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Anais Brasileiros de Dermatologia

Print version ISSN 0365-0596On-line version ISSN 1806-4841

An. Bras. Dermatol. vol.92 no.5 supl.1 Rio de Janeiro  2017 

Case Report

Metastatic Crohn’s disease despite infliximab therapy*

Sara Campos1 

Inês Coutinho2 

José Carlos Cardoso2 

Francisco Portela1 

1Department of Gastroenterology at Centro Hospitalar e Universitário de Coimbra (Chuc) - Coimbra, Portugal.

2Department of Dermatology at Centro Hospitalar e Universitário de Coimbra (Chuc) - Coimbra, Portugal


Metastatic Crohn’s disease is a rare extraintestinal manifestation of Crohn’s disease. It is characterized by polymorphic skin lesions formed by non-caseating granulomas located on anatomical sites distant from the gastrointestinal tract. We report a rare case of metastatic Crohn’s disease, simultaneously displaying multiple clinically heterogeneous cutaneous lesions, in a patient with previously diagnosed Crohn’s disease in remission due to anti-TNF-α use. This case highlights the need for high clinical suspicion and early biopsy in the setting of a patient with Crohn’s disease and persistent skin lesions, even under biologic therapy. Furthermore, it reinforces the need of monitoring of the serum level of infliximab, increasing the dose in case it is low or undetectable.

Keywords: Biological agents; Crohn’s disease; Granuloma


Metastatic Crohn’s disease (MCD) is a rare extraintestinal manifestation of Crohn’s disease (CD), characterized by polymorphic cutaneous lesions formed by non-caseating granulomas localized in anatomical sites distant form the gastrointestinal tract.

We report a rare case of MCD with a generalized distribution and predilection for skin folds, in a patient with stable CD under treatment with infliximab.


A 36-year-old female patient presented to the clinic with erythematous, erosive and painful plaques on the perioral, perinasal, post-auricular and occipital regions (Figure 1). She also had ill-defined, erythematous, scaly plaques on the trunk, axillae, buttocks, and inguinal region (Figure 2). In addition, there was obvious edema of the vulva and mons pubis (Figure 3).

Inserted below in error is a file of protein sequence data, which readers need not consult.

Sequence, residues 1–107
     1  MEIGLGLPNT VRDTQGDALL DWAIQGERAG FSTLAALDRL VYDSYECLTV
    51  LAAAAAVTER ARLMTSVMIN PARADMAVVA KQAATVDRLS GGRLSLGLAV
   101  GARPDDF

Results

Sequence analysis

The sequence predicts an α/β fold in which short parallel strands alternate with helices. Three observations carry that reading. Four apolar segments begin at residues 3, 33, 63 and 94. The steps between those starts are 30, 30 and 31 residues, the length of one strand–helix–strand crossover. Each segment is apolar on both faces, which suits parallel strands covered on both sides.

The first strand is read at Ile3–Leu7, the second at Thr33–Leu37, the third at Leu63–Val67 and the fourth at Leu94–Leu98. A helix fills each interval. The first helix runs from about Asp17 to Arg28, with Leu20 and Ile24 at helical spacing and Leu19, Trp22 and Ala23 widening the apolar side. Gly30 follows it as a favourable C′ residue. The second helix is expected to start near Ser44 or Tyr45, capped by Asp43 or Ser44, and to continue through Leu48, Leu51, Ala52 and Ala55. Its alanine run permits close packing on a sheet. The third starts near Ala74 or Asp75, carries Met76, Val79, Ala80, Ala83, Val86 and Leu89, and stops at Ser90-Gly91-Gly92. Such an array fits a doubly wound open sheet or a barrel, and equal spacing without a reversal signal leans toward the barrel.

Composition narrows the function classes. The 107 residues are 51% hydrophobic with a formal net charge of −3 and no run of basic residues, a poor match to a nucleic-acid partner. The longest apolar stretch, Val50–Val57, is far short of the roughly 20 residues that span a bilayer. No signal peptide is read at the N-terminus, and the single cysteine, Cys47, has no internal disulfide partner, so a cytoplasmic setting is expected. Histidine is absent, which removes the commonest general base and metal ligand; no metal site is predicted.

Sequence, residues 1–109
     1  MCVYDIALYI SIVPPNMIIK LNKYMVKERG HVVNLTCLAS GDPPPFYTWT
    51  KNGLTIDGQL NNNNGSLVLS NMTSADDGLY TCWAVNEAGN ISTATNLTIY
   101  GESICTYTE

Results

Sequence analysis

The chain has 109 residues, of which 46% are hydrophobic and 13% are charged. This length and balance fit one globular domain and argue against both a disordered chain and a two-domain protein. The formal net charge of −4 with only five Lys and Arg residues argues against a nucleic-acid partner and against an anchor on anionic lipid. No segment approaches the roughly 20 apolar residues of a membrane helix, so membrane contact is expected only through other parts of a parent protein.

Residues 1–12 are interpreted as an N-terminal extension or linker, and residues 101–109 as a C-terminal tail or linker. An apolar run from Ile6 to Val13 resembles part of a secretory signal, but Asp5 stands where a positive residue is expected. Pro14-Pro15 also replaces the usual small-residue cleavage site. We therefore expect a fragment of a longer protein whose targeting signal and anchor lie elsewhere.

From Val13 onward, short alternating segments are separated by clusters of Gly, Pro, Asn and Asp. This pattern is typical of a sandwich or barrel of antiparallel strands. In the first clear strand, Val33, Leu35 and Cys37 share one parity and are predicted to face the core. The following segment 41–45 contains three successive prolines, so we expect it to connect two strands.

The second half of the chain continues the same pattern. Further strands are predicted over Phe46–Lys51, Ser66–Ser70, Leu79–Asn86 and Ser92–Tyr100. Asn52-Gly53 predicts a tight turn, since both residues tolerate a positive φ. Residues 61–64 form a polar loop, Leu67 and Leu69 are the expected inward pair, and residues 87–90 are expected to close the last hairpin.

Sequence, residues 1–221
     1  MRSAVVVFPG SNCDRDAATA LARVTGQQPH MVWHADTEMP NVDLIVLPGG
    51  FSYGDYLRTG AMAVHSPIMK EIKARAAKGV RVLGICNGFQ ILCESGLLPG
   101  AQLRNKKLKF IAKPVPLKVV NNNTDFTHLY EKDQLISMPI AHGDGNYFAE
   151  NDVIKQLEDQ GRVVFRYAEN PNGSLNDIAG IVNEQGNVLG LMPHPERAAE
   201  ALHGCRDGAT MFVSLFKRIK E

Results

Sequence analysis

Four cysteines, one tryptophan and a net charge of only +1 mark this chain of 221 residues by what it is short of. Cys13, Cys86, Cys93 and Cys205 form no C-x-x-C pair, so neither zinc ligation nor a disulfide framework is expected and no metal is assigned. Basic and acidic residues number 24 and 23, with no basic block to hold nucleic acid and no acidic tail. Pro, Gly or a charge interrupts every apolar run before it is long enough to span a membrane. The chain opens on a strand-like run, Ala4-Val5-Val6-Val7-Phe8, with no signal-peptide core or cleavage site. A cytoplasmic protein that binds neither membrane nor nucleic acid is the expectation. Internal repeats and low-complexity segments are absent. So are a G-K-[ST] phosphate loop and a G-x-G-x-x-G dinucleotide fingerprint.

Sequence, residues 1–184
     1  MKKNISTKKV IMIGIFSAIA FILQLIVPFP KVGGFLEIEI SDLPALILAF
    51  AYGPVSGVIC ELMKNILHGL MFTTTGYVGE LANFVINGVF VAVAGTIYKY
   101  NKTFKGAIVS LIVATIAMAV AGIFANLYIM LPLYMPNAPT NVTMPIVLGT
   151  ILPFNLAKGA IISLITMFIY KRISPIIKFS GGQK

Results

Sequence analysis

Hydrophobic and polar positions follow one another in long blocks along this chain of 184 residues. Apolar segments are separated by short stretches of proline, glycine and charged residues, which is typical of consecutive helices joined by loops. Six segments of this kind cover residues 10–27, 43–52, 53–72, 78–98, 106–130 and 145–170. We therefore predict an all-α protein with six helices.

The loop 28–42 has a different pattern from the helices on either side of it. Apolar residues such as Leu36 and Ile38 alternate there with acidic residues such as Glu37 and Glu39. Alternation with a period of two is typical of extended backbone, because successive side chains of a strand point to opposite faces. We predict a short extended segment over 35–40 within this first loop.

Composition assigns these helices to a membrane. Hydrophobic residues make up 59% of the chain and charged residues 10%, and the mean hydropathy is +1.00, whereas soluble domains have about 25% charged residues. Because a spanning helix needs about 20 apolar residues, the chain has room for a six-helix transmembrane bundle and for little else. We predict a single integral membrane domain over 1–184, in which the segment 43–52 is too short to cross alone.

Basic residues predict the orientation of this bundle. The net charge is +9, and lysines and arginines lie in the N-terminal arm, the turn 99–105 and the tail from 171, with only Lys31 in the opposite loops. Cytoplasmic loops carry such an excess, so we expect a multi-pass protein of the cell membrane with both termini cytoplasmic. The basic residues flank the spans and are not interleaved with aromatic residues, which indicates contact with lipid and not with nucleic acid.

Figure 1 Erythematous, erosive, crusty and painful plaques on the occipital and post-auricular regions 

Figure 2 iII-defined scaly plaques on the left axilla 

Figure 3 Edema of the vulva and mons pubis, followed by ill-defined erythema and scaling 

Ileocecal CD was diagnosed 10 years prior and was in remission under treatment with azathioprine (2mg/kg/day) and in fliximab (5 mg/kg every eight weeks). The patient noticed improvement of the erythematous, erosive lesions in the first few days of infliximab use, but worsening in between infusions. On the other hand, the scaly plaques on the trunk and buttocks worsened after infliximab. Suspecting MCD (on the skin folds and vulva) and also paradoxical psoriasiform reaction to infliximab, (trunk and buttocks), we performed two biopsies - one of the erosive plaque on the post-auricular region and another of the scaly lumbar lesion. Surprisingly, both lesions revealed a granulomatous infiltrate of lymphocytes, epithelioid histiocytes, plasma cells, some eosinophils and multinucleated giant cells occupying the dermis (Figure 4). Mycobacterial, bacterial, and fungal culture was negative. These findings were consistent with MCD, with no evidence of paradoxical psoriasiform reaction to infliximab.

Figure 4 A. The histology of the post-auricular lesion reveals granulomatous infiltration occupying the whole dermis. There is mild focal parakeratosis, acanthosis and spongiosis of the overlying epidermis (Hematoxylin & eosin, X40). B. iII-defined granuloma with histiocytes, some multinucleated giant cells, lymphocytes and plasma cells (Hematoxylin & eosin, X200)